Paid tastings pending on Old Mission
As the year winds down, the hot-button issue of charging for wine tasting is again under the microscope on Old Mission Peninsula.
In November, Peninsula Township put on hold revisions to its zoning ordinance that, as drafted, would have allowed its seven wineries to charge for wine tasting. Other proposed changes would have loosened restrictions on sales of souvenir items and food, and also allowed for some wineries to host events like wedding receptions.
Ironically, the hold was requested by the Wineries of Old Mission Peninsula association.
Why would the wineries want to hold up changes to zoning they've long chafed under, particularly the ban on paid tastings, which isn't imposed on their Leelanau brethren? In a Nov. 6 letter to the township, Old Mission winery owners essentially said they believe the township is treading on the state's turf.
"While we appreciate the efforts to move changes pertaining to the sale of wine by the glass, at this time we maintain that the authority for wineries to offer wine by the glass exists and is provided for by the MLCC (Michigan Liquor Control Commission) and MDA (Michigan Department of Agriculture) and therefore, further Township costs and efforts are unnecessary and not needed," the letter said.
Township planner Gordon Hayward said the ban on charging has existed since the township started regulating wineries years ago. He's asked the state attorney general's office for an opinion on whether the current ordinance is enforceable.
"That's the issue," Hayward said. "If we aren't going to regulate, we want to be sure to notify our township residents why."
Lee Lutes is winemaker at Black Star Farms, the only winery with operations on both Old Mission and Leelanau peninsulas. He said that free tastings cost wineries between $50,000 and $100,000 annually.
At Black Star's Suttons Bay facility, charging for tasting winnowed out less serious patrons, he said. He foresees the same effect on Old Mission.
"If it's just a free drink, it's our belief if they're forced to pay a little bit, maybe they'll think about it twice," Lutes said.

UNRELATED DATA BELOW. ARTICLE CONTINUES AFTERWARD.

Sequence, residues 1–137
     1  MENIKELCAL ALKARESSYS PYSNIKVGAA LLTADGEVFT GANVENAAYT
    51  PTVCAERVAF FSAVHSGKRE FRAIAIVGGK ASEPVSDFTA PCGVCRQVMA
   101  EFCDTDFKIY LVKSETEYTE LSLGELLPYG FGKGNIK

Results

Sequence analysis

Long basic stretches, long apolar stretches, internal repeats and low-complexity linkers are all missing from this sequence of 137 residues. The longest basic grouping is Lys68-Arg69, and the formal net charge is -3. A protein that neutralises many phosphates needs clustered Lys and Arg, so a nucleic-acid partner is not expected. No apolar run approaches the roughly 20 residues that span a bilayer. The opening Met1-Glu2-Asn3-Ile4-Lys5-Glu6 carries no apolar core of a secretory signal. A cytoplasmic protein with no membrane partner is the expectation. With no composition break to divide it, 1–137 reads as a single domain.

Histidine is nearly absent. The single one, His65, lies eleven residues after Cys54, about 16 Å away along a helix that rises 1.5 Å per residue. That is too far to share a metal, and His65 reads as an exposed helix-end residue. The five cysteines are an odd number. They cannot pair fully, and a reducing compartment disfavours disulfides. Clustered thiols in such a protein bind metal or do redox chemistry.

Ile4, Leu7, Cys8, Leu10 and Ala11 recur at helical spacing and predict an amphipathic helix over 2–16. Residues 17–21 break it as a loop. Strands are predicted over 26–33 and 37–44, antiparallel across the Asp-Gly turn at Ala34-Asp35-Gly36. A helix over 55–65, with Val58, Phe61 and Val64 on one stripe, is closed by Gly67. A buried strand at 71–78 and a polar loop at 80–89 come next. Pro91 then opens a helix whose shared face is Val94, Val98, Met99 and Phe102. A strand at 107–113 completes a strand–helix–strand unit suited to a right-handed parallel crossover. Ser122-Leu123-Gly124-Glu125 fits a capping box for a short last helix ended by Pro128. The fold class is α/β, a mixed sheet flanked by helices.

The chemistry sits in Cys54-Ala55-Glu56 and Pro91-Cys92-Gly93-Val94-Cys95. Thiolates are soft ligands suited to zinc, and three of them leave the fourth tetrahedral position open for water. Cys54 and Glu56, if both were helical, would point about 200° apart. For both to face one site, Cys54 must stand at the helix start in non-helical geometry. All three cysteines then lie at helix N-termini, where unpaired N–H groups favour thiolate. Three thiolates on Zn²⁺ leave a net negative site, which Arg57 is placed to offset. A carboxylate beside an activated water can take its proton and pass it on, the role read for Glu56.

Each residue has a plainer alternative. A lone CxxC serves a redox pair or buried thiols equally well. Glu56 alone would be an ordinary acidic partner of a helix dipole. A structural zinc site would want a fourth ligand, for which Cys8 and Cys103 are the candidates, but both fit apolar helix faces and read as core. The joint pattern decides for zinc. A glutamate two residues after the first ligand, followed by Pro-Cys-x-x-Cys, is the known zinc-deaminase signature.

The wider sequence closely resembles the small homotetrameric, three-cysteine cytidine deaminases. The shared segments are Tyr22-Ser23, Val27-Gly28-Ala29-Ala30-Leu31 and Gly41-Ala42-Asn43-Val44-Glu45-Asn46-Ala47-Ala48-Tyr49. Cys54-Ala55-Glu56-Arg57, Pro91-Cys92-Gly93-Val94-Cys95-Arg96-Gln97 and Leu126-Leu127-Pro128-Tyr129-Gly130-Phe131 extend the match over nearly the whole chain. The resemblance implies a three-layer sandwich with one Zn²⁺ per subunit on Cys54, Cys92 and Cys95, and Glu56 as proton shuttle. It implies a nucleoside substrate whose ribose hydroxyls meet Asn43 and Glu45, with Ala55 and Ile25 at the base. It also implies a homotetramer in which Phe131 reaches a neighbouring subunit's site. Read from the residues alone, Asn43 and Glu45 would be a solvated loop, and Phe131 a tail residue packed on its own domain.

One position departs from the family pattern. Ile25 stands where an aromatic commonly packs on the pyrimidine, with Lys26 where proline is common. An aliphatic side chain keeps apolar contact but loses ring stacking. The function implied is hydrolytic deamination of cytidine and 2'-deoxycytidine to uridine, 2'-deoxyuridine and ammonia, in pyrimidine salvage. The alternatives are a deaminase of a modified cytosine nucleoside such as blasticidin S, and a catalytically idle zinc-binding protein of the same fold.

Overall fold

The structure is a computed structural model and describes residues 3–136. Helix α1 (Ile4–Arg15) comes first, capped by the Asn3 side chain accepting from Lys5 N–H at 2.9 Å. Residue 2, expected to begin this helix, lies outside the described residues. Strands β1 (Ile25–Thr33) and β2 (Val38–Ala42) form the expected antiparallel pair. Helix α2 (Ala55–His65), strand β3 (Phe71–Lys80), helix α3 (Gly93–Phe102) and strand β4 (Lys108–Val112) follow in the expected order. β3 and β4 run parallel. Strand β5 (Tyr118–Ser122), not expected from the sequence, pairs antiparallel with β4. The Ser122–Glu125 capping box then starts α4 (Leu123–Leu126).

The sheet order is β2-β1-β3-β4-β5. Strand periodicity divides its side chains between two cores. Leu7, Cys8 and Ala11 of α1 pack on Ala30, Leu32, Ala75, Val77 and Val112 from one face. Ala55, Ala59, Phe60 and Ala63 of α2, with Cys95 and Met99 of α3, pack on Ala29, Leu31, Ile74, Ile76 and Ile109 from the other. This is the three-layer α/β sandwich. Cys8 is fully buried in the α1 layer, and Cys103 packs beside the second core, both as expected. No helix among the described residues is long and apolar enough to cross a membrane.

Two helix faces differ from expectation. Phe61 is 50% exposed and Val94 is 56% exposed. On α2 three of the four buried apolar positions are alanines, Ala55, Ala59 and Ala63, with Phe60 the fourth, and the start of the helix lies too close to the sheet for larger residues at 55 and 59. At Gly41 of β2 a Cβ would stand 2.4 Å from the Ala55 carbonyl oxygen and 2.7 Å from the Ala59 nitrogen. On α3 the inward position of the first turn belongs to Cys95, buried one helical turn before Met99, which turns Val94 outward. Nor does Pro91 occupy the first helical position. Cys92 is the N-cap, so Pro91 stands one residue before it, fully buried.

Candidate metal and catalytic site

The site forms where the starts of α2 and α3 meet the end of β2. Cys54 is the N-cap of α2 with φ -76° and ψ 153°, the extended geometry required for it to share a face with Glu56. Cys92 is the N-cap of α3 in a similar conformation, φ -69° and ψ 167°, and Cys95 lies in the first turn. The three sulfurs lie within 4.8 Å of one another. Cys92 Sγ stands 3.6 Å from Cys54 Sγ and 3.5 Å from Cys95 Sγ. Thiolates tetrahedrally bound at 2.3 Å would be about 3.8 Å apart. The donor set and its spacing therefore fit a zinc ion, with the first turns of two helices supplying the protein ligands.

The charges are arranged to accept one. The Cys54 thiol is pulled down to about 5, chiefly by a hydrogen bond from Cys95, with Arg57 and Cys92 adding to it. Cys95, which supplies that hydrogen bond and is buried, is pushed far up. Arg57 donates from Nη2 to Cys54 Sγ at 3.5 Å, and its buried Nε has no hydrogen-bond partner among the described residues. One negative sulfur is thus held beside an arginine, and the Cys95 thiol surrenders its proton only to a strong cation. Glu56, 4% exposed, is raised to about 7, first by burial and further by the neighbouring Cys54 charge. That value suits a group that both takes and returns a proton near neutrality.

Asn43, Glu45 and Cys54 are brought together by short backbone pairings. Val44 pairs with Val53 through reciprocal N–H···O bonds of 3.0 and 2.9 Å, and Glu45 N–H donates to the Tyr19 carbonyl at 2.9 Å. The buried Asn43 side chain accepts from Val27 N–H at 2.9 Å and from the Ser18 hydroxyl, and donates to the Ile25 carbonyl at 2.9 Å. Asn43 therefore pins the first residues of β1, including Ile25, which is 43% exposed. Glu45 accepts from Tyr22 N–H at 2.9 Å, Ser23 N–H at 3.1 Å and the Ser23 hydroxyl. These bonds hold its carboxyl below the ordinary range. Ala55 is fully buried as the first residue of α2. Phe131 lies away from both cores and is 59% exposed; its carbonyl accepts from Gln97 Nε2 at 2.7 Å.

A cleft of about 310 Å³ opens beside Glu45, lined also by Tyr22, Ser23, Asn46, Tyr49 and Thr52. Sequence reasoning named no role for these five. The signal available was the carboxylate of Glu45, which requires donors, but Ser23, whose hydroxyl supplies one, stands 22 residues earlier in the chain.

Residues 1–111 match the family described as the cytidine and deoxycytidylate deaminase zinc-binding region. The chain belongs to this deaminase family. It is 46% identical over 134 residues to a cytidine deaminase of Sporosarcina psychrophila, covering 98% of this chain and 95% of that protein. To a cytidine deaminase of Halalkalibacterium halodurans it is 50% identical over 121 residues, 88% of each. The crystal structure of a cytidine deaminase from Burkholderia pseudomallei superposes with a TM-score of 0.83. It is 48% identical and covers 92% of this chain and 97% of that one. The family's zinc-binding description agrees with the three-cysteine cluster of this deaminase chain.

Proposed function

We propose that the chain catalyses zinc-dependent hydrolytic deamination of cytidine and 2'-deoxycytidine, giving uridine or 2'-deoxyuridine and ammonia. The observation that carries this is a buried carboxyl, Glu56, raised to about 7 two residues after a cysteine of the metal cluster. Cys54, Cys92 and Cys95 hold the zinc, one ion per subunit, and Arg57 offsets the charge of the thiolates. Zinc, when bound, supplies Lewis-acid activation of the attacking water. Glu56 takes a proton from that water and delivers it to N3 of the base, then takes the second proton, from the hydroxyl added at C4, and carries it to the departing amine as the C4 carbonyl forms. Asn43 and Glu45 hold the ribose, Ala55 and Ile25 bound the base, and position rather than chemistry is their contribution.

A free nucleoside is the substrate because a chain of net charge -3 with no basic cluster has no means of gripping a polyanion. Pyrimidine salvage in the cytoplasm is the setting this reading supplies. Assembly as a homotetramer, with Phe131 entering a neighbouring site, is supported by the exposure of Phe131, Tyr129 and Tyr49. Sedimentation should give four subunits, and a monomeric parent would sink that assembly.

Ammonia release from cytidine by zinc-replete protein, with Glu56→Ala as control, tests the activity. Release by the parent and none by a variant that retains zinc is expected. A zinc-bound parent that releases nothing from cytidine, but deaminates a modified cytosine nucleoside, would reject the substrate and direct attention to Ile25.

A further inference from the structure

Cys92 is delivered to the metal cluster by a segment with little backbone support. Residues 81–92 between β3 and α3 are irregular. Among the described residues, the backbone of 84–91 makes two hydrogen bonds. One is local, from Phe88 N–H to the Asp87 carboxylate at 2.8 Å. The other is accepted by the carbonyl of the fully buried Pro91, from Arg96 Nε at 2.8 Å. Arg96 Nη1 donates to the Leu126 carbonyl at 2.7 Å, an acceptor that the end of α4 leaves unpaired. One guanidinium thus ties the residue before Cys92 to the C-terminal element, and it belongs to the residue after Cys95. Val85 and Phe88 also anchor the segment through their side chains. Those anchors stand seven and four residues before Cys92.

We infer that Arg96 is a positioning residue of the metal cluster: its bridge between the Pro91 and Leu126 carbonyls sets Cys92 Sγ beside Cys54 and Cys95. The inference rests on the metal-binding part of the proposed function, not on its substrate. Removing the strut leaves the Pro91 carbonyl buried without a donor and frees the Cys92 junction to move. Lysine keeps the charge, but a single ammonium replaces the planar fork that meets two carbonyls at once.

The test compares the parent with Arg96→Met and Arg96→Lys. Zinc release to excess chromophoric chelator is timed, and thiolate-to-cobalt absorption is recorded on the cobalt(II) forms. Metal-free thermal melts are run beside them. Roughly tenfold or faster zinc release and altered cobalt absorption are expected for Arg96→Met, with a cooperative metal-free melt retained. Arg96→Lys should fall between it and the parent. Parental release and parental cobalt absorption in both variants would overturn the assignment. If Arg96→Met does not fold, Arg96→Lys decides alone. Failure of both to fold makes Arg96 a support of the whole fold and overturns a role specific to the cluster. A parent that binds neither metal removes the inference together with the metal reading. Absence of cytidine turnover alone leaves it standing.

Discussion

However, not all wineries necessarily would charge even if they were able to.
"Hospitality is based more on treating someone as a guest than a customer," Chateau Chantal tasting room manager Bill Autenreith said.
Chateau Chantal pours less than the $50,000 in free wine that Lutes estimated, he said. But the winery has tracked an increase in the percentage of its tasted wines versus its sold wines. Last year it was 7.7 percent, up from 7.1 in 2006 and 6.22 in 2005. 2008 will surpass 2007. That's frustrating to him.
"We're sitting in the office, looking out the front door, and there goes a group with nothing in their hands," he said. "Therefore the charge makes sense."
As far as other aspects of the zoning ordinance, including souvenir items and hosting events, Hayward said the township wants to insure that wineries, which are zoned as agricultural businesses, remain so.
"What's reasonable to have in the ag zone? That's what we're trying to struggle with, to maintain the parity of that ag zone and not have it morph into a commercial zone," he said.
Hayward added that the township is very interested in working with the wineries on the ordinance.
"We certainly want to support the wineries," he said.
The Old Mission wine industry has experienced a recent growth spurt, almost doubling since 2005, when Brys Estate opened its tasting room. Black Star's Old Mission facility opened in 2007 and Two Lads earlier this year. Now totaling seven, the wineries are significant taxpayers and employers in PeninsulaTownship, Lutes said.
"To further stifle business here is counterproductive to those positive attributes," he said.
Cari Noga has covered Michigan's grape and wine industry since 1999. Read her blog at www.michgrapevine.com. Send news and ideas to her at email@example.com.